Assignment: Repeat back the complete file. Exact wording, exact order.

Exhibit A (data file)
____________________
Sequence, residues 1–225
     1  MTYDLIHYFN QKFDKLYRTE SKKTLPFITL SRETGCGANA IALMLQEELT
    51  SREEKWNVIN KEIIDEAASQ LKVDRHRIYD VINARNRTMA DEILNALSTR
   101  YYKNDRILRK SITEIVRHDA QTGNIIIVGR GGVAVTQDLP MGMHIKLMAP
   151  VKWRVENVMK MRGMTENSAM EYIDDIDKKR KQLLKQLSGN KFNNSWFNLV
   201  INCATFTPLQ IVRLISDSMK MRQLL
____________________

Sequence, residues 1–225
     1  MTYDLIHYFN QKFDKLYRTE SKKTLPFITL SRETGCGANA IALMLQEELT
    51  SREEKWNVIN KEIIDEAASQ LKVDRHRIYD VINARNRTMA DEILNALSTR
   101  YYKNDRILRK SITEIVRHDA QTGNIIIVGR GGVAVTQDLP MGMHIKLMAP
   151  VKWRVENVMK MRGMTENSAM EYIDDIDKKR KQLLKQLSGN KFNNSWFNLV
   201  INCATFTPLQ IVRLISDSMK MRQLL